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What is construction site security's new role in the age of innovation?

Innovation and refreshed mindset necessary to mitigate safety risks on building and oil projects in the Middle East

Site security faces challenges from emerging technologies, a rapidly changing economic landscape, and a mindset that some say is slow to change.
© Shutterstock / ITP Media Group
Site security faces challenges from emerging technologies, a rapidly changing economic landscape, and a mindset that some say is slow to change.

Evolving security risks create a high-pressure situation for construction site operators in the GCC, making a methodical and innovative approach to site security a top priority for all.

Companies must protect their assets, prevent downtime and delays, preserve their reputation, and safeguard staff. However, site security faces challenges from emerging technologies, a rapidly changing economic landscape, and a mindset that some say is slow to change.

As an industry, we are always in a state of high alert, because we don’t know when things can go wrong.

The financial, reputational, and environmental damage caused by the 2010 Deepwater Horizon explosion in the Gulf of Mexico was an example of why site security remains critical, as the director of environment, health, and safety at Emirates National Oil Company (Enoc), Hari Kumar, tells Construction Week. “As an industry, we are always in a state of high alert, because we don’t know when things can go wrong, and if someone doesn’t respond properly, a problem can escalate in no time.”

Kumar has worked in the oil industry for more than 30 years. While he says there has been “a lot of improvement” in site security during that time, he believes more needs to be done.

“There is a long way to go on a few things, such as innovation. How fast can we innovate and [use] new technologies? There is a need for a reporting culture – the need to report incidents and learn from them. I don’t see the industry sharing that knowledge openly. There are still pockets of information, and you don’t see an integrated, aggregated channel for information sharing.”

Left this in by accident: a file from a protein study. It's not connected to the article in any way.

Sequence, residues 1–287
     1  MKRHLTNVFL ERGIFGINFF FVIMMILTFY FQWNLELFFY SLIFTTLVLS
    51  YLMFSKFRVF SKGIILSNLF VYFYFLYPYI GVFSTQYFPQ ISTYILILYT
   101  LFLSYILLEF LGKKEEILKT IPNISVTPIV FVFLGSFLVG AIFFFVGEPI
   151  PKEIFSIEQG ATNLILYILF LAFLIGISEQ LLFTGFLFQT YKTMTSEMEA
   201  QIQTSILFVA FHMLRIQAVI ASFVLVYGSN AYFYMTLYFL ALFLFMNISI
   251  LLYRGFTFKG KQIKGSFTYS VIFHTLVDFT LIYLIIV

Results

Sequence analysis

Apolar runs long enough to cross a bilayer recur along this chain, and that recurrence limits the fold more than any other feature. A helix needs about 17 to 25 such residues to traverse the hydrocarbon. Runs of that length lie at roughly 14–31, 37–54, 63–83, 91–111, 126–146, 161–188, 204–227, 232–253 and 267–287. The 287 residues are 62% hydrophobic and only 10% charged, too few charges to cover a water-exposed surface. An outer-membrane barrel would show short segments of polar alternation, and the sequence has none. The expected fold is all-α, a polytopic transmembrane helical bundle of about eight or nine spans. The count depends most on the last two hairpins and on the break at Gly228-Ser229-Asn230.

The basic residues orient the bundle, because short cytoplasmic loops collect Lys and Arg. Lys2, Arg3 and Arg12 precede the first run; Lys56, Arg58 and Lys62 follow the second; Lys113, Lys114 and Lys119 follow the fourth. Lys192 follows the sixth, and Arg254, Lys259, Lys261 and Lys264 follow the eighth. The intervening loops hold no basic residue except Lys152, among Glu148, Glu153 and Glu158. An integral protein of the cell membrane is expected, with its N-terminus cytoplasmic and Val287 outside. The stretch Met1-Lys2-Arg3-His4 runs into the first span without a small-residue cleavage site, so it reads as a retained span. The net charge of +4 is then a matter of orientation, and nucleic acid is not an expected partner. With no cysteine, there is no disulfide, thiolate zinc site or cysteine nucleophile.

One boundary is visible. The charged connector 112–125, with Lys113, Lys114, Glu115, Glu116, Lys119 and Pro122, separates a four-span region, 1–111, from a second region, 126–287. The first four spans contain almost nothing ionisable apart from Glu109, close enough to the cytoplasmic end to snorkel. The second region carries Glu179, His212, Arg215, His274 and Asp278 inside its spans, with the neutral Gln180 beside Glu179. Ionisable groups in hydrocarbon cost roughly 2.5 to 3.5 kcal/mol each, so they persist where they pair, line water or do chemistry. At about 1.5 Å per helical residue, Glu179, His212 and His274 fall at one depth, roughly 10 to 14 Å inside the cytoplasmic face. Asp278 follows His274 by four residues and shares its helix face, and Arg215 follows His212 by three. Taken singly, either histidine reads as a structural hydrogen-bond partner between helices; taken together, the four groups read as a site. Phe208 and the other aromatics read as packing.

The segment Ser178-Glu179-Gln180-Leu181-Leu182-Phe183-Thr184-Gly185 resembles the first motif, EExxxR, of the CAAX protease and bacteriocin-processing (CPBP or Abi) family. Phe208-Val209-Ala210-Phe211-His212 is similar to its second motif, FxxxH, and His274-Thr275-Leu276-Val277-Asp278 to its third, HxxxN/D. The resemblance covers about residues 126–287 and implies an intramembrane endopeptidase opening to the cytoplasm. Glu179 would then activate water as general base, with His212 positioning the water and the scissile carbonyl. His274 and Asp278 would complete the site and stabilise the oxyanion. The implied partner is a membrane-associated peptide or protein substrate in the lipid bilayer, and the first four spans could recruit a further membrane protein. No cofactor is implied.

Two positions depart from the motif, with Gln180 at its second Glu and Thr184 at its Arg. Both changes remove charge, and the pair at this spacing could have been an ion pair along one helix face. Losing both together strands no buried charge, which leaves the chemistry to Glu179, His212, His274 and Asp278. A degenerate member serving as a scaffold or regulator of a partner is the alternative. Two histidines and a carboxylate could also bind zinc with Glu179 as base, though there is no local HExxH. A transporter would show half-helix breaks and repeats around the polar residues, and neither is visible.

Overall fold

Hari Kumar, Enoc.

Kumar says that a company as big as Enoc needs to continually improve its standards. The firm is doing this by implementing an operational excellence management system – a business-focused strategy for safety and security that Kumar says will help Enoc “step up” to evolving and dynamic risks. The process started two years ago and is due for completion in 2025.

Azizi Developments is another company in the UAE that is stepping up its site security measures. Executive director of the firm’s engineering division, Mohamed Ragheb, says the developer, which is responsible for the $3.2bn (AED12bn) Azizi Riviera megaproject, requires all its contractors to use advanced site security technology systems.

“In addition to adequate fencing, public safety notices, suitable lighting, and deploying professional security guards, we insist that our contractors use CCTV, drone video surveillance, access control, and biometrics to beef up security on site.”

Each Azizi project’s budget has a “clear provision” for site security, Ragheb states. “We have achieved high levels of construction site security across our developments through this diligent approach,” he adds.

Training can sometimes be difficult to incorporate, because people may not feel the intensity of the danger.

On the contractor side, UAE-based ASGC, which is building major projects such as the Mohammed Bin Rashid Library and Dubai Arena, also uses technology to safeguard staff and secure its sites. The company’s project safety manager, Sameer Shamsudeen, says the contractor uses radio-frequency identification (RFID) to keep track of its manpower and machines.

“In an emergency evacuation of a construction building, for instance, any personnel trapped in the building could be tracked by monitoring the RFID application, which is accessible by the safety department and key supervisors,” he explains.

Mohamed Ragheb, Azizi Developments.

Shamsudeen, like Enoc’s Kumar, believes that changing the industry’s collective mindset is an important step in improving the existing standards for site security. 

“Training can sometimes be difficult to incorporate, because people may not feel the intensity of the danger. Like with texting and driving – we know it is dangerous, but many people keep doing it. That mentality needs to change, however, and this will require a collective effort by all personnel involved,” he says.

Kumar adds that it is important to make sure that staff understand the risks of a job and know how to mitigate them. “[At Enoc], we constantly look at our existing standards and try to improve them through technological development or human factors, such as making our people more competent. This is not a one-off exercise, as we always need to refresh the knowledge of our people.”

ASGC, Azizi Developments, and Enoc are just three UAE firms demonstrating how emerging technologies such as drones and RFID devices, as well as staff training and the adoption of international standards, can improve site security. While there is still a long way to go, clear improvements continue to be made.

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Latest Issue

Construction Week - Issue 746
Jul 20, 2019